Even though trypanosomes are covered mainly by their stage specific major surface proteins, some other surface proteins are also present which might be located either beneath the surface coat of the VSG/procyclin or within the flagellar pocket. Some of these are invariant surface proteins, others are receptors and transporters .
5.2.1. Invariant Surface Glycoproteins (ISGs)
Due to the low abundance of ISGs, it is not very easy to identify minor surface proteins in the trypanosome. However, by use of different techniques some invariant surface glycoproteins (ISGs) have been identified, such as ISG 60, ISG 65 and ISG 75 [130, 166], ISG 64, and ISG 70 . The ISGs 65 and 75 both are predicted to be composed of large extracellular domains, a single transmembrane domain, a small C-terminal intracellular domain and are not accessible for antibodies on live parasites. Using fixed parasites, it was shown that both of them were distributed over the entire cell surface. The ISG65 and not the ISG75 has been shown to elicit an antibody response in the chronically infected mice . Another invariant protein with a single copy gene, ISG 100, has been described. It is present in the flagellar pocket and is associated with the endo/exocytosis compartments. This suggests that it might play a role in the pathway for the endocytosis or it may have a structural role in the compartments involved in intracellular trafficking of T. brucei .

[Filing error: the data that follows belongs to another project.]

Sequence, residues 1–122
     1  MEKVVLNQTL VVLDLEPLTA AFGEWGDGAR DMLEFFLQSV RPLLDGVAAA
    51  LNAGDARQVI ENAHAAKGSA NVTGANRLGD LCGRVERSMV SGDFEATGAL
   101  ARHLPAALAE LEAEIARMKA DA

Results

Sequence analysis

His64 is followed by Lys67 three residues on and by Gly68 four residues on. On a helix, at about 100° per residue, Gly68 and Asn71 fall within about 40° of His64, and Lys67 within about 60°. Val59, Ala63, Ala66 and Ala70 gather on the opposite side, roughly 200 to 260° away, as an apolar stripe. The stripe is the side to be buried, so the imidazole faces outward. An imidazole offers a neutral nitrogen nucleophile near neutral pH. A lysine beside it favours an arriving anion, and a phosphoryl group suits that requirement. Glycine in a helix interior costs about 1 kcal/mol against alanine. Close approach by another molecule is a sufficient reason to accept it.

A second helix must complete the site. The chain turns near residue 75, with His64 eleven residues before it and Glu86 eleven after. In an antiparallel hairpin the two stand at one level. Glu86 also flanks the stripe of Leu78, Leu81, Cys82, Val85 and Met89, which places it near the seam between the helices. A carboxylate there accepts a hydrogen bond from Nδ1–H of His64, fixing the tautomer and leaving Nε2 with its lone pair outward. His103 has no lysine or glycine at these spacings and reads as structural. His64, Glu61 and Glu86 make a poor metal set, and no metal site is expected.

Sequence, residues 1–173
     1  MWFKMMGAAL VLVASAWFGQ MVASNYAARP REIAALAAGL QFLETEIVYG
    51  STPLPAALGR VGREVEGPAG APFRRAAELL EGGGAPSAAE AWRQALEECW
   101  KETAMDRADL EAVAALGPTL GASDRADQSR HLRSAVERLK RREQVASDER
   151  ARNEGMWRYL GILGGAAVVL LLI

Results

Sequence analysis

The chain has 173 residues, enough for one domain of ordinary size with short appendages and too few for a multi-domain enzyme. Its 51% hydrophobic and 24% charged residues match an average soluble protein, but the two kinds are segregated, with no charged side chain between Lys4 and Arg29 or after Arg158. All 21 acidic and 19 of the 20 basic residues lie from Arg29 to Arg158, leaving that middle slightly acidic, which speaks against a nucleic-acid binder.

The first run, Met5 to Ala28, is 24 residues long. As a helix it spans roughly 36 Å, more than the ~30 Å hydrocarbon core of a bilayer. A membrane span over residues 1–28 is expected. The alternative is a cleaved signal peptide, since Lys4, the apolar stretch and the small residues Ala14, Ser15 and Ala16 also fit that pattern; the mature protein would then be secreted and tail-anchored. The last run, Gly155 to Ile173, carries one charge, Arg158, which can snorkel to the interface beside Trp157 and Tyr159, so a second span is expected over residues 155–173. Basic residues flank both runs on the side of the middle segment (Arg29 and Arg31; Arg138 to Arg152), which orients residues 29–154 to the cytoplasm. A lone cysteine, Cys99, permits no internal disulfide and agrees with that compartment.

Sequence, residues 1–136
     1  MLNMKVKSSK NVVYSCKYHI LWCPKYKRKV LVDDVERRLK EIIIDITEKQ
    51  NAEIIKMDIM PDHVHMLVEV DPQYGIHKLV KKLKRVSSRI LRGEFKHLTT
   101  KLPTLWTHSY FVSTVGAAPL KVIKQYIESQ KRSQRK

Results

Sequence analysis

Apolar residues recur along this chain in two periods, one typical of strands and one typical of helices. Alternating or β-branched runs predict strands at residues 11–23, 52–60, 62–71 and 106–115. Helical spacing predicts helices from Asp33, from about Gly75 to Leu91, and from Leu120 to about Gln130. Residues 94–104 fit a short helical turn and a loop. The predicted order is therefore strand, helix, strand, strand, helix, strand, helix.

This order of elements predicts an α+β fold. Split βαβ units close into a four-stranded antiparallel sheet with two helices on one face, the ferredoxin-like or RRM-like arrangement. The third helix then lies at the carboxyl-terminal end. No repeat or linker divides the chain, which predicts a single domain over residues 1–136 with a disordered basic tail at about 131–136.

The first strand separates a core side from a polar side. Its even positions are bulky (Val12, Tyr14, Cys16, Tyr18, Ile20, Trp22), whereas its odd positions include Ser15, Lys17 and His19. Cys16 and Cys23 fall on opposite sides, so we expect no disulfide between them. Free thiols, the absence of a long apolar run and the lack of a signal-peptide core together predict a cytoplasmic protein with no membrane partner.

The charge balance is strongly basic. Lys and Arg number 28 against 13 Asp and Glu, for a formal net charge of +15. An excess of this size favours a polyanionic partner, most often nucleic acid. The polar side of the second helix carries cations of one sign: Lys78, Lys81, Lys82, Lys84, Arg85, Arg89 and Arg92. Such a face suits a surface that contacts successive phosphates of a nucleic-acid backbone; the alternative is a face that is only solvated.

5.2.2. Surface Receptors